Whether it’s a poké bowl, smoothie bowl or nutri bowl, food bowls are fun, delicious and easy to prepare. Perfect for a healthy lunch or to serve as a pleasant surprise when guests visit.
This month, we made Buddha Bowls... and not only because we find the name delightful! In a bowl full to the brim, the delicious fresh ingredients bulge out like a round Buddha's belly. How charming!
But there is more behind the trend of the Buddha Bowl: it originates from a ritualized and meditative appreciation of food called Ōryōki, devised from Zen Buddhism. Precise processes, conscientiousness and gratitude form the foundations of the tradition. In Buddhist Zen monasteries, monks eat in silence and practice mindfulness. They consume only as much as their body and mind require to meet their daily needs.
With Ōryōki, each monk usually has his own set consisting of around three bowls, chopsticks and a napkin. The largest bowl is called zuhatsu in Japanese, or Buddha Bowl. It symbolizes the head and the wisdom of Buddha. The term Buddha Bowl has far more significance than a modern hipster name given to a large mixed salad.
What Belongs in a Buddha Bowl?
There are no set limits: everything you like and anything you fancy! A nice round bowl is a good place to start. Fruits and vegetables packed with vitamins and minerals should form the foundation; fresh banana, pineapple or melon are great additions.
Beans or quinoa provide plenty of protein, feeding the muscles and helping to build and repair body tissue. Complex carbohydrates - for example, those found in wholemeal pasta, rice or sweet potatoes - ensure blood sugar levels rise slowly and keep you full for longer.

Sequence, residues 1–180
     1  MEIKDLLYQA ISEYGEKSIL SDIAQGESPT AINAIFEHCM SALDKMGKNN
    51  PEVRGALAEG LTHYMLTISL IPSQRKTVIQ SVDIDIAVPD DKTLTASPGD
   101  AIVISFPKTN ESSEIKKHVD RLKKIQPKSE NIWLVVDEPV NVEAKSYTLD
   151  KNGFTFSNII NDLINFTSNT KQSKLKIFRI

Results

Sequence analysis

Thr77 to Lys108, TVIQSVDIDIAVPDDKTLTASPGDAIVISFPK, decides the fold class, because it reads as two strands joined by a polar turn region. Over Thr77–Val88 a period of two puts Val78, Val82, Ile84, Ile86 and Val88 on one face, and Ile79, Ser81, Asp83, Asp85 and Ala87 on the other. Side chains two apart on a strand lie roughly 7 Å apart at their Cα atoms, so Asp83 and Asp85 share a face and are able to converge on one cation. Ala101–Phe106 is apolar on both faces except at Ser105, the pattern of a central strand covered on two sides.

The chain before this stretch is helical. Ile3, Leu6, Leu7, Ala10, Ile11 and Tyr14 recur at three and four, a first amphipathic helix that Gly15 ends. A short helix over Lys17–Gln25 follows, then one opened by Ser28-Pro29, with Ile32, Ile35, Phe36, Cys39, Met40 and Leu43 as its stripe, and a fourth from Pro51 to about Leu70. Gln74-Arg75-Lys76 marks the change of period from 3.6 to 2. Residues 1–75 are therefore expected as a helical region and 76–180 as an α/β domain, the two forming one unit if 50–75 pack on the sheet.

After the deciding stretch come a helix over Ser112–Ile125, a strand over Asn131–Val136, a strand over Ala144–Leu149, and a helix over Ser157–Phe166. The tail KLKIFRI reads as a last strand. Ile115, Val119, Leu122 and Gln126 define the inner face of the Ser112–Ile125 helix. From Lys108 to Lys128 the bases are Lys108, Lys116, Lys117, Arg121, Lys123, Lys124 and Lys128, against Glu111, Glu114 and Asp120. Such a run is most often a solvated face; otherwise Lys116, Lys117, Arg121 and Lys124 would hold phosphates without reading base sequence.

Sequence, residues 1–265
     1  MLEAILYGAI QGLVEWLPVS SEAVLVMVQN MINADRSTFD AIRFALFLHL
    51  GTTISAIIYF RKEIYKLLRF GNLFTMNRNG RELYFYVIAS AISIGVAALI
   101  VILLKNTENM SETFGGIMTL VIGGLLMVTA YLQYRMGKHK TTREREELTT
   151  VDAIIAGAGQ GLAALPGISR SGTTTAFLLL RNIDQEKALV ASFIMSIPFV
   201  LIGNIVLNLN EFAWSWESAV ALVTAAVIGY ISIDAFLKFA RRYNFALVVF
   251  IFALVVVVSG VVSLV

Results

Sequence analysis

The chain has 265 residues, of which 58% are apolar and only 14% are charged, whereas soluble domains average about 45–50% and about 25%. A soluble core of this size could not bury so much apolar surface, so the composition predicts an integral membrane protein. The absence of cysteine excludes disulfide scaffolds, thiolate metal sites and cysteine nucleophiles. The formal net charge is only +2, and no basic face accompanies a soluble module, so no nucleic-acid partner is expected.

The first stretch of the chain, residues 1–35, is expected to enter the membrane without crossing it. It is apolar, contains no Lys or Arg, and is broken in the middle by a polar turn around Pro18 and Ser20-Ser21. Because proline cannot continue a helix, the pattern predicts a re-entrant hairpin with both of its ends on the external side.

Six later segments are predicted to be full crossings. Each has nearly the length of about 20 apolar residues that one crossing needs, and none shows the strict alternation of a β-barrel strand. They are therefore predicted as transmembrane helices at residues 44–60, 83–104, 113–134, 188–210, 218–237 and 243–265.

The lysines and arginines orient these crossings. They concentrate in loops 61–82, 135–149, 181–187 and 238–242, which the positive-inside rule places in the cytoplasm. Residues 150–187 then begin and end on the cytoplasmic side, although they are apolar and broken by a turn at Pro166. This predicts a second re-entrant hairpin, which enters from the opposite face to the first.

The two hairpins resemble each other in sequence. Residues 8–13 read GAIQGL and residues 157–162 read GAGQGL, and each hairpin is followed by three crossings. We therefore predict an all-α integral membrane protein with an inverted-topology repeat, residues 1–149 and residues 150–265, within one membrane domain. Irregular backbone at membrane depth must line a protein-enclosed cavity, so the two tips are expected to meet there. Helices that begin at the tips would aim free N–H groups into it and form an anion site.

And healthy fats, such as those found in avocados or nuts, complete the mix for the ultimate balanced meal.
Most important of all: Try a little Ōryōki; take your time to savour and enjoy your colouful creation, appreciating each and every delicious mouthful. Not only is it good for you, but it will also keep you feeling full for longer.
Tropical Salmon: Fyffes Spicy Bowl
Cut fresh salmon (sushi quality) into small cubes and marinate in soy sauce and lime juice for about 5 minutes.
Meanwhile, dice into cubes ¼ cucumber, ¼ Fyffes pineapple and ¼ red pepper.
Put 3 tablespoons of ready-cooked quinoa into a beautiful bowl, top up with the vegetables, pineapple and the marinated salmon.
Why not try a sauce made with natural yoghurt, lime juice and peel and mayonnaise (season to taste).
Top with pan fried pineapple seasoned with Paprika for a tasty, wholesome meal.
It's That Easy: Fyffes Smoothie Bowl with Kiwi
Peel 3 kiwis, cut into thin slices and set aside for the garnish. Roughly dice the remaining kiwis.
Wash and spin dry 120 g of spinach. Peel 1 Fyffes pineapple half, remove from the stalk and chop roughly.
Peel 1 orange and cut into pieces. Peel 1 Fyffes banana, cut into pieces and drizzle with lemon juice.
Blend the spinach and fruit with 250 g yoghurt, 1 tbsp honey and 150 ml milk and share between 4 bowls.
Garnish with chia seeds, fresh raspberries and ground walnuts. Cover with banana slices. Serve immediately.
Triple B: Banana Blueberry Bowl
Soak 1 tablespoon of chia seeds in 150 ml milk, e.g. almond milk for at least 15 minutes (or overnight) to allow them to swell.
Add 1 Fyffes banana, 150 g blueberries, 2 tbsp natural yoghurt, 1 tbsp agave syrup plus a handful of pecans and oats to a blender and mix to a thick smoothie consistency.
Add the smoothie to a bowl and garnish with various toppings.
Fyffes Bowl Hacks
Blending frozen bananas will give your Bowl a wonderfully thick consistency.
Ripe bananas can be frozen and used at a later date for various recipes. In addition, bananas are a great natural sweetener!
Oatmeal or chia seeds can be used as a thickener for a smoothie bowl.
Chia seeds should be soaked for a minimum of 15 minutes to allow them to swell.
For a quick breakfast: Prepare your smoothie bowl the night before and place it in the fridge overnight. The next morning, garnish with a few toppings and voila! A wonderful start to the day!